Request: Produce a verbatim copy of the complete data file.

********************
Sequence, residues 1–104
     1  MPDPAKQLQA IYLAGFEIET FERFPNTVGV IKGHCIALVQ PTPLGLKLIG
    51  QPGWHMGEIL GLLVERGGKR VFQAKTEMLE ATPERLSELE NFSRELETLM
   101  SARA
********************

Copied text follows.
Sequence, residues 1–104
     1  MPDPAKQLQA IYLAGFEIET FERFPNTVGV IKGHCIALVQ PTPLGLKLIG
    51  QPGWHMGEIL GLLVERGGKR VFQAKTEMLE ATPERLSELE NFSRELETLM
   101  SARA